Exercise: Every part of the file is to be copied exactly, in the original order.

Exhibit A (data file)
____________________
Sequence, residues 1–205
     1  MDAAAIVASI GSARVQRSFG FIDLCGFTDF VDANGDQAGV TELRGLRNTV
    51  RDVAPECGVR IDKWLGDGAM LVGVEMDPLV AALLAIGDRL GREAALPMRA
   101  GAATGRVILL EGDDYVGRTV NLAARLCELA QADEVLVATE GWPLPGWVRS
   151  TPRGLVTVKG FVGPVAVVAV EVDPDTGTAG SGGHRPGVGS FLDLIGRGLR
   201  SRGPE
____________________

Sequence, residues 1–205
     1  MDAAAIVASI GSARVQRSFG FIDLCGFTDF VDANGDQAGV TELRGLRNTV
    51  RDVAPECGVR IDKWLGDGAM LVGVEMDPLV AALLAIGDRL GREAALPMRA
   101  GAATGRVILL EGDDYVGRTV NLAARLCELA QADEVLVATE GWPLPGWVRS
   151  TPRGLVTVKG FVGPVAVVAV EVDPDTGTAG SGGHRPGVGS FLDLIGRGLR
   201  SRGPE